Some of the UK’s largest supermarket chains are giving customers incorrect and confusing information about potentially lethal allergens including nuts, sesame and milk contained in unlabelled bread and pastries sold at their instore bakeries, a BBC Watchdog Live investigation has found.
Posing as customers with food allergies, the programme’s undercover journalists secretly filmed staff at branches of Asda, Sainsbury’s and Tesco giving wrong or confusing answers when asked about products containing ‘major’ allergens.
In one Asda store, staff said selected bakery products didn’t contain sesame as an ingredient – a substance that can prove lethal to an allergy sufferer. In fact, sesame was listed as an ingredient for the products on the store’s website, and in some other Asda stores.
The programme found problems with information about allergy ingredients at three Asda stores, including one where no ingredients information was available. In each, staff provided a general warning that products may be contaminated with nuts or seeds, without identifying specific major allergens contained within the recipe.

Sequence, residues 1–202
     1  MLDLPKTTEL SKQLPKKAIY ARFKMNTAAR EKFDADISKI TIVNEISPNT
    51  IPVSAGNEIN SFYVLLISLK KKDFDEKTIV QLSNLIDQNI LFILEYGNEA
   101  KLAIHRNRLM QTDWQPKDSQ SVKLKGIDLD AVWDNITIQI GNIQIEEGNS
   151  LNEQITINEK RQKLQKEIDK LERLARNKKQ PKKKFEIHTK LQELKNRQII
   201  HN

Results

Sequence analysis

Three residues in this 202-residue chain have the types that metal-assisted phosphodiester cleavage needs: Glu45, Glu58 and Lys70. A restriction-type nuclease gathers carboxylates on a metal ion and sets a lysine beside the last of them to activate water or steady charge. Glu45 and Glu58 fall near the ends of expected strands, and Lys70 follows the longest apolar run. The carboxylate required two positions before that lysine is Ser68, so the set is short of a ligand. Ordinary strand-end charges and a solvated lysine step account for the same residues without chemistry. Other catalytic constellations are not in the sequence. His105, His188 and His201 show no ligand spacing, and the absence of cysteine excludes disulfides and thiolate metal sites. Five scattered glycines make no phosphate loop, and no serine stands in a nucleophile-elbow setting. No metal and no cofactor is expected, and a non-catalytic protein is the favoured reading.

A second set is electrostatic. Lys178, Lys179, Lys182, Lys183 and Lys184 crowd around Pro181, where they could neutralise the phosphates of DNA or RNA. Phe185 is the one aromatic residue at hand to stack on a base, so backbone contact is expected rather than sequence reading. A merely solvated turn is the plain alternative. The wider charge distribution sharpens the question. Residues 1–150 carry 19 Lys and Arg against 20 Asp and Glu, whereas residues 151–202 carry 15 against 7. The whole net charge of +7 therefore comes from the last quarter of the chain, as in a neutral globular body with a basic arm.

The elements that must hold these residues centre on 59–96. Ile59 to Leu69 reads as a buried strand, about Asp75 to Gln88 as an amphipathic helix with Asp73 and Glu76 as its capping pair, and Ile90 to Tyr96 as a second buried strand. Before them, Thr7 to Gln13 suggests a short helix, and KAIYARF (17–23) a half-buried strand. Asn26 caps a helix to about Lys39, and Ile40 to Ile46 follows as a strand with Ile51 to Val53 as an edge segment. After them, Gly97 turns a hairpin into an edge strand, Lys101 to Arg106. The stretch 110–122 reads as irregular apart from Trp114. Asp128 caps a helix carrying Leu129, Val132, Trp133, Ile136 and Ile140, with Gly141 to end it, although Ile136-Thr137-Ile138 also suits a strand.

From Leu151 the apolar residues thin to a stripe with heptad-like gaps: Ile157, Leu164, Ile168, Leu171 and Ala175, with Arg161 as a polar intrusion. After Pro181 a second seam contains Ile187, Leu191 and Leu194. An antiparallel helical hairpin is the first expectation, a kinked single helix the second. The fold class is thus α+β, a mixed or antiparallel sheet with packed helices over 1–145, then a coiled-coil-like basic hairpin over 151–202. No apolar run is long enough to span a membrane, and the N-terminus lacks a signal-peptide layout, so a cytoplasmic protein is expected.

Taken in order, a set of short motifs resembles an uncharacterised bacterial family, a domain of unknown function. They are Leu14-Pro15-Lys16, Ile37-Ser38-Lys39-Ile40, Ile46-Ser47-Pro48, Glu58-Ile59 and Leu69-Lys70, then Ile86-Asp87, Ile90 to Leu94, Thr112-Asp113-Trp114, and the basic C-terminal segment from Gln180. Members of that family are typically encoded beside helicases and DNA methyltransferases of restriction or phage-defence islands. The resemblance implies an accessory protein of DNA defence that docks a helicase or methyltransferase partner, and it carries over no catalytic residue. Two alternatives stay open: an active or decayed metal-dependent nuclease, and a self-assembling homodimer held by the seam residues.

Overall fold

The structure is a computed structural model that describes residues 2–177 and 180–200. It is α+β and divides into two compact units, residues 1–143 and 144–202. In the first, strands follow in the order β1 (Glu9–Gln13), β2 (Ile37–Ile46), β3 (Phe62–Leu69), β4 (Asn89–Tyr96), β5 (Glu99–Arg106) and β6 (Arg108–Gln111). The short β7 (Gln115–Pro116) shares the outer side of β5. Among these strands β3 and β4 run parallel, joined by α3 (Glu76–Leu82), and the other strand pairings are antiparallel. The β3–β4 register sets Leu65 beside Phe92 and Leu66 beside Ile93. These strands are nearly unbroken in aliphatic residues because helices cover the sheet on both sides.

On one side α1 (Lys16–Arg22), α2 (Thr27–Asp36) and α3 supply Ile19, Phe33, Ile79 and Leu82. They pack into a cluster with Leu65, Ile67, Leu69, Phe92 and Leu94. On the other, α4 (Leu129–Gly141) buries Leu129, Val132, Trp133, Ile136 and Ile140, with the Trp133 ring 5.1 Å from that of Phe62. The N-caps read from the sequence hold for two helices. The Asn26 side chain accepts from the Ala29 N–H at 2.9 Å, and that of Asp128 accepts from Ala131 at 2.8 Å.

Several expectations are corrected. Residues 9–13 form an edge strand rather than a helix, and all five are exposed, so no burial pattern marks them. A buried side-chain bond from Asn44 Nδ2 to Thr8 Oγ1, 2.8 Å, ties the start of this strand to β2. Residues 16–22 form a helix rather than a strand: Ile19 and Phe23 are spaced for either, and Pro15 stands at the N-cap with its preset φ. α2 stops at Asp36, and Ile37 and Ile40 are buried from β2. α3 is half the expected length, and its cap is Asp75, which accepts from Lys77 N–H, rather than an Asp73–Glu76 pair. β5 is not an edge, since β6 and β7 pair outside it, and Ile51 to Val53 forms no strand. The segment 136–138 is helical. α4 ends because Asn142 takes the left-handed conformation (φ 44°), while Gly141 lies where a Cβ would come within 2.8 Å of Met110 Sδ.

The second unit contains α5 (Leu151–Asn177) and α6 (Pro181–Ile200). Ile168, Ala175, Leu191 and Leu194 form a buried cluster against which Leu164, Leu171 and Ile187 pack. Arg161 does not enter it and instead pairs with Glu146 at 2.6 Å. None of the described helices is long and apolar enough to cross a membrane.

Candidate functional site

In total, the programme found cause for concern in five of the 24 supermarkets where it asked for information about allergen ingredients on the bakery counter. Secretly filmed footage can be seen on Watchdog Live, to be shown tonight (7 Nov) on BBC One at 8pm.
EU regulations state that 14 ‘major’ allergens, including nuts, sesame, milk, eggs and wheat, must be highlighted in the ingredients lists on prepacked foods. In the UK, businesses selling loose food products packed for sale on-site – including supermarket in-store bakeries – don’t need to provide a full list of allergens on their packaging. But they must ensure clear and accurate information is readily available to customers by other means, such as verbally from staff.
In September, Dr Séan Cummings, the acting senior coroner for west London, said the death of 15-year-old sesame allergy sufferer, Natasha Ednan-Laperouse, was caused by anaphylaxis after eating a baguette from Pret A Manger which did not list allergens on the packet.
The sandwich chain has since promised to overhaul its labelling policy. Her parents, Nadim and Tanya Ednan-Laperouse, say Environment Secretary Michael Gove has told them the law around food allergy labelling could be tightened as early as next year.
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